15

When creating a new Schema in Tridion there is an entry field called 'Root Element Name'. The default is content but I am not sure what this does.

17

This is the name of the first XML element in your content.

If a component is represented like this:

<Content>
  <Name>Hello</Name>
  <Description>I am a component</Description>
</Content>

Then Content is the Root Element name. If you would modify your schema to have a Root Element Name of Article then your component's XML would be:

<Article>
  <Name>Hello</Name>
  <Description>I am a component</Description>
</Article>

PS - for simplification, I am omitting XML namespaces from the examples.

EDIT

Some other answers mention it - and it is correct - so I'm adding it here for future reference.

This is an important setting to change on Embedded Schemas, if you ever need to use 2 different embedded schemas as part of the same "main" schema, they must have different Root Element Names or your XML will not be valid:

<Article>
  <Name>Hello</Name>
  <Description>I am a component</Description>
  <Content>
    <Field>And I am an embedded Field in an embedded schema</Field>
  </Content>
  <Content>
    <Description>And I am an embedded Field in another embedded schema</Description>
  </Content>
</Article>

As the example above shows, if both embedded schemas would have a Root Element Name of Content then you'd have a hard time figuring out which is which, especially if one of the embedded schemas fields allowed multiple values.

When adding an Embedded Schema Field, Tridion will validate that all Embedded Schemas have a different Root Element Name, and if that's the case then it won't let you save it - you'll have to go find that schema and modify the root element name - meaning you may now have content that is out of sync with its schema (if it was used already).

In short: always rename the Root Element Name of your embedded schemas. Rename the Root Element Name of your Content schemas if it makes sense to you. Do not rename it after you already have content based on that schema, that's asking for trouble.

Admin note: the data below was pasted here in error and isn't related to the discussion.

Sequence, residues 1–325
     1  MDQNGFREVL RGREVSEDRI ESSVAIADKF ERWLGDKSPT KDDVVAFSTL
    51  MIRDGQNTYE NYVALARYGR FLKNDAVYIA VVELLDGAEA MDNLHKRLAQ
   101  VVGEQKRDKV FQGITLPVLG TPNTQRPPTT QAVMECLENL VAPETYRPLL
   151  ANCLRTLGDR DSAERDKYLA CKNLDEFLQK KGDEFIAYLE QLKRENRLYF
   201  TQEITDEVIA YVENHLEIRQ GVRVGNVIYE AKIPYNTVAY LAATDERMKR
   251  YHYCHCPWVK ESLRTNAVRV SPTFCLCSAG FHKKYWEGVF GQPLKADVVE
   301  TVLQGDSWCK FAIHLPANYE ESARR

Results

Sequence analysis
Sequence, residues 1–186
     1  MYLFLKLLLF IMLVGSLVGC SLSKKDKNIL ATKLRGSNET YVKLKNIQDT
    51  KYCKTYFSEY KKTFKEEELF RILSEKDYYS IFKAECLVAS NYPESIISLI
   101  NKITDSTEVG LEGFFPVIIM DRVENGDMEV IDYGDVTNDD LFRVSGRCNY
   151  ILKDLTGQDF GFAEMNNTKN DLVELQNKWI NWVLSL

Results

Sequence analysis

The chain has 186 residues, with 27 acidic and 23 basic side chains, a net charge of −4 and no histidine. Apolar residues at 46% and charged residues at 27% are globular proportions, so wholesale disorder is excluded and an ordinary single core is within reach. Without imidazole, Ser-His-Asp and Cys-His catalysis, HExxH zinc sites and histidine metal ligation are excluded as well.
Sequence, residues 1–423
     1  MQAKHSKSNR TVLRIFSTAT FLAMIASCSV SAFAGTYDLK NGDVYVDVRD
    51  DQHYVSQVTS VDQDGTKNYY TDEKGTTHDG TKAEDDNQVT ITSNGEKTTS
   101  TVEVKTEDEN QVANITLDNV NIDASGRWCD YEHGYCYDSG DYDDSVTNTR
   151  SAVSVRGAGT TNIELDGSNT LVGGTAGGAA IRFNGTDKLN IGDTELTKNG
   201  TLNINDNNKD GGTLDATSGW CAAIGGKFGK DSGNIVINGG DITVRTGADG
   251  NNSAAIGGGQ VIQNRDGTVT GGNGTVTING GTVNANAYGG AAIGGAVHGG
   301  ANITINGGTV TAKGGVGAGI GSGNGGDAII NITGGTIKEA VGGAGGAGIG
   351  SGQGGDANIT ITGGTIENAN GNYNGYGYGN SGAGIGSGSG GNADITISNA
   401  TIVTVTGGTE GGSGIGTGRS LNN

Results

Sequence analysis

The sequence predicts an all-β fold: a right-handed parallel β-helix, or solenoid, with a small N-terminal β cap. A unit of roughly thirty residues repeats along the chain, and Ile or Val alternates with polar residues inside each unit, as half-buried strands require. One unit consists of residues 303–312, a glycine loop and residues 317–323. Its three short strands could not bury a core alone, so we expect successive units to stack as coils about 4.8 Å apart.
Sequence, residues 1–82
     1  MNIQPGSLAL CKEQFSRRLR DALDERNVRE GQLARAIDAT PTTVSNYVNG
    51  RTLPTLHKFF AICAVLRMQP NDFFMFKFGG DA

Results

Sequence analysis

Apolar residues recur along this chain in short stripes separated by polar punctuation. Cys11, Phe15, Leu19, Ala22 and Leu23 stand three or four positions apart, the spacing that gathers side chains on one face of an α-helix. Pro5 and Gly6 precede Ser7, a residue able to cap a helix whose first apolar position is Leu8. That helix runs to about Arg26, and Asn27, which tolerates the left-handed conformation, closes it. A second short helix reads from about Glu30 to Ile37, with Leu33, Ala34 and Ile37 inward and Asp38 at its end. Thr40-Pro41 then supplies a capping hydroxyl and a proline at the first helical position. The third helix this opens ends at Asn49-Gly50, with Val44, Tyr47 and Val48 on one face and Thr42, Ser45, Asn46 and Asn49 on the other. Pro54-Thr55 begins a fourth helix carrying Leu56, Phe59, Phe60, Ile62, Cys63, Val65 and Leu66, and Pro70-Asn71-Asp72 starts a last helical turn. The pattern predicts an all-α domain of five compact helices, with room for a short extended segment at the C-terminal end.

• 2
    The names we pick matter most for embeddable schema, where we'll get a namespace conflict if using embeddable schema with the same root element name. A good practice would be to give unique names for at least embeddable schema. – Alvin Reyes Nov 25 '13 at 22:24
  • ...and even a better practice would be to give unique names to all Root Element Names in all Schemas that allow you to specify one. – Mihai Cădariu Nov 27 '13 at 18:19
4

In our implementation, we keep the combination of root element name and namespace of every schema unique. These two elements are more technical and not available to the content editors.

If the template code needs to check for a specific schema, this combination can be validated instead of validating the schema name. Schema name may have to be changed if content editors recommend a better name.

4

The answer has already been given: "It is the name of the first node in your XML." I do want to stress that in the case of embeddable Schema's, the XSD gives an error when you have 2 sorts of Embeddable schema's with the same root element name.

So be sure to keep it unique. The root element name can be changes, but you want to prevent that.

3

I would like to add that controlling of 'Root element name' and namespaces are extremely important especially if you use XSLT as a templating solution.

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